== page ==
But that day sitting in the physical therapist’s office, I didn’t want to have to explain myself. I didn’t want someone making assumptions about me. I didn’t want to be seen in some altered light. Although I have a long running history with depression, I didn’t even want to use that as an excuse for the Paxil. At the time of the appointment, I’d been fighting depression for weeks, mostly by trying to ignore it, and now that I was out of the house, where depression hits hardest, I wanted to forget. I just wanted to be a regular, normal, semi-functional person. For once. Please allow me to pretend.

So I didn’t say a thing.

It’s not that I’m embarrassed or ashamed. Not too much anyway. I’ve done a lot of work on recovery. But I don’t want to be defined by my mental illness. I have it. It’s there. I’m managing. Does everyone need to know? I also want to pretend that that part of my life is over, but as evidenced by recent events it’s clearly not. I’m pretty sure I’m in it for the long hall, and while it’s gotten much better, it still persists, showing up every now and then when I’m not at all in the mood. When it pops up it always manages to surprise me. I’ve been fighting off the depression and anxiety for so long I really feel like it should be gone by now. Why is it still here, Goddammit?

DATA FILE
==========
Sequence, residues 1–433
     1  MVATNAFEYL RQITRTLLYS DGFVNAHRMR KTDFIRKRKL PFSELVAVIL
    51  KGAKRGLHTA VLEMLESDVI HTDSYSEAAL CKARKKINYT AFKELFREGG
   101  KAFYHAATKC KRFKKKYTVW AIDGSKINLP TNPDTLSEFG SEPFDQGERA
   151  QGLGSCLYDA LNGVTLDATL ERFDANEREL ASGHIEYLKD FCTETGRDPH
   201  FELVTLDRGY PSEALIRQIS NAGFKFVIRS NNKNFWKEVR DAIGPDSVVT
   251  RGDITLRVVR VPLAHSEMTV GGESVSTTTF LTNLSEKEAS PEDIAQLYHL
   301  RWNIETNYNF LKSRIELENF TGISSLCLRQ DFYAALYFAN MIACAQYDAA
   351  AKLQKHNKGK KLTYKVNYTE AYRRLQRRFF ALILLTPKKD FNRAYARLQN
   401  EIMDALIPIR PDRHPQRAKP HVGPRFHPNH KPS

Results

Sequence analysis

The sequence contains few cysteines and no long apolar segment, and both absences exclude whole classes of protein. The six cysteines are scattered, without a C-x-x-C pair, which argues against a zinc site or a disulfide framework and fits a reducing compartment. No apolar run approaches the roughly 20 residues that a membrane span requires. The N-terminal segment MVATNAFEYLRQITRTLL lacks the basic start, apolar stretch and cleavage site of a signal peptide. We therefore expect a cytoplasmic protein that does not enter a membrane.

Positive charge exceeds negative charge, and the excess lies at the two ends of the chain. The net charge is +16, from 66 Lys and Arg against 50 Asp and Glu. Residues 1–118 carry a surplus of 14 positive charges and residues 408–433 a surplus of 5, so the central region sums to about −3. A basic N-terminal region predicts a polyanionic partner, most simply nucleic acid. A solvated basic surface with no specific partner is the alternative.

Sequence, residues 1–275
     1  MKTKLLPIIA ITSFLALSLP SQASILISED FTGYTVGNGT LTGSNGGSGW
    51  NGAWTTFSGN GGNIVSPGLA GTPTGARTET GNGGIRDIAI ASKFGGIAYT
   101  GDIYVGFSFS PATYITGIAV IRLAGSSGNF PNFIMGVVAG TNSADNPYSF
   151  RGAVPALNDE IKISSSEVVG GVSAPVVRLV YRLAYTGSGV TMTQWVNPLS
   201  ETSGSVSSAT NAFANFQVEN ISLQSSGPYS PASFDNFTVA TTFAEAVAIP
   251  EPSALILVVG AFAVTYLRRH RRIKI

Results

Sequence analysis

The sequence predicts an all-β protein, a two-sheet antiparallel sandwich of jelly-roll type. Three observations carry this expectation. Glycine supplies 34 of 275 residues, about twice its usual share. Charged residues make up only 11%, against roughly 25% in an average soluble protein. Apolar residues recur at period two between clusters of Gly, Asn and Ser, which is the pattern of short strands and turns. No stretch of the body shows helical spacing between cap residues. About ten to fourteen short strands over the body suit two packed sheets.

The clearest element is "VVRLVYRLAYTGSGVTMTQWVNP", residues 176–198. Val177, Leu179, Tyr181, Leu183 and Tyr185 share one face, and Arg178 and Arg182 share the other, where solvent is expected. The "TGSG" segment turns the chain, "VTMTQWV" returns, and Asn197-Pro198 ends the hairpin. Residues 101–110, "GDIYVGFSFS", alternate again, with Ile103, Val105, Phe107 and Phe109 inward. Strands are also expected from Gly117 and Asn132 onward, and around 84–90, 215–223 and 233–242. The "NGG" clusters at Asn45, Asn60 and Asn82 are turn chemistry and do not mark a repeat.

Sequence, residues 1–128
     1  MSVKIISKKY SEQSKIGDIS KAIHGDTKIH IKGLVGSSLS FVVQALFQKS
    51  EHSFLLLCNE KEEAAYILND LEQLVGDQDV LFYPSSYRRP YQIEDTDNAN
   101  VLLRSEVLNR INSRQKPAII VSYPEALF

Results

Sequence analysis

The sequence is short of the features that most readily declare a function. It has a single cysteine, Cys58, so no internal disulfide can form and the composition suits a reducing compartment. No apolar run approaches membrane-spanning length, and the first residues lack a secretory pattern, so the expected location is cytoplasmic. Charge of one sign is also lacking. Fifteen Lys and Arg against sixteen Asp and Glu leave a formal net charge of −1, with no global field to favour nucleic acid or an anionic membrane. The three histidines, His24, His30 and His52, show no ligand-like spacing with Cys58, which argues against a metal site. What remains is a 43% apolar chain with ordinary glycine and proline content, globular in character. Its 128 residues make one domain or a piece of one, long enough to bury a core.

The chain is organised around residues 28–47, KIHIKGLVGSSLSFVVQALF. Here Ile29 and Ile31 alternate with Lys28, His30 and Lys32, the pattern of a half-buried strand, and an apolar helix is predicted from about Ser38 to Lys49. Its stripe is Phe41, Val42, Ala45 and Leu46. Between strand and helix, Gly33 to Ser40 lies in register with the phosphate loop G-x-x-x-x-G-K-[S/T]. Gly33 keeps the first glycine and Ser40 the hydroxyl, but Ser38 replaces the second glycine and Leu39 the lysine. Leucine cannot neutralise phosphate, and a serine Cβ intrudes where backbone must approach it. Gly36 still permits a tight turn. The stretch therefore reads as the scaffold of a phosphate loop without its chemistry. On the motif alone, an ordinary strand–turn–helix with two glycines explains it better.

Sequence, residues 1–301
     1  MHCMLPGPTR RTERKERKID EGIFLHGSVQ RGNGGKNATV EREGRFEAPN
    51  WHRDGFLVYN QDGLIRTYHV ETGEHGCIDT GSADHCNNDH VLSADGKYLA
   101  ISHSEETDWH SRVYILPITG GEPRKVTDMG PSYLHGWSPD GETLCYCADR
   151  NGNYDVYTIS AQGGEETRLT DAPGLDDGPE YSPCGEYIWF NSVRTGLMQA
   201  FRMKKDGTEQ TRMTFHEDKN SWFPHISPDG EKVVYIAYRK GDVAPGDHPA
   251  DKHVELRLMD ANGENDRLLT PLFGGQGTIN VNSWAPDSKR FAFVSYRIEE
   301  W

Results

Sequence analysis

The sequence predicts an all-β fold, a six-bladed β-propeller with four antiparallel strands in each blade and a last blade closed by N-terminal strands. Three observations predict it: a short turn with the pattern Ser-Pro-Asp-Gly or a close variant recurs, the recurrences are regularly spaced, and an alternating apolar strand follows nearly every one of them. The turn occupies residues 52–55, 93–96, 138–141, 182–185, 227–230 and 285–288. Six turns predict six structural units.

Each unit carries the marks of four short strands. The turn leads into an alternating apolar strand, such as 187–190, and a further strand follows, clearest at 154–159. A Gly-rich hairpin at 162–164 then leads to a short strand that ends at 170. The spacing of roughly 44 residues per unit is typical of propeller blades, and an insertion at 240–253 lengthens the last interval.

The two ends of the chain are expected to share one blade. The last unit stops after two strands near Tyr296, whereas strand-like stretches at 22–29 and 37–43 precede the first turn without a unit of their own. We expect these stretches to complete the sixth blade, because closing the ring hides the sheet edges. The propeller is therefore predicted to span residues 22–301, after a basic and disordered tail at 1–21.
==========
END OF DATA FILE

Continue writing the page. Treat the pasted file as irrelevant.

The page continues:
So in addition to the arthritis for which I was seeking physical therapy and my high cholesterol because apparently I’m 80, I also suffer from (at-times severe) anxiety and depression. I could’ve named this blog, One Depressed Motha, but I don’t know. I didn’t feel like that had the same catchy ring to it. And the truth is while I find myself battling depression on occasion, I don’t like to write about it. It’s bad enough I have to live with it. Do I really have to talk about it, too? Just leave me alone with my mental illnesses.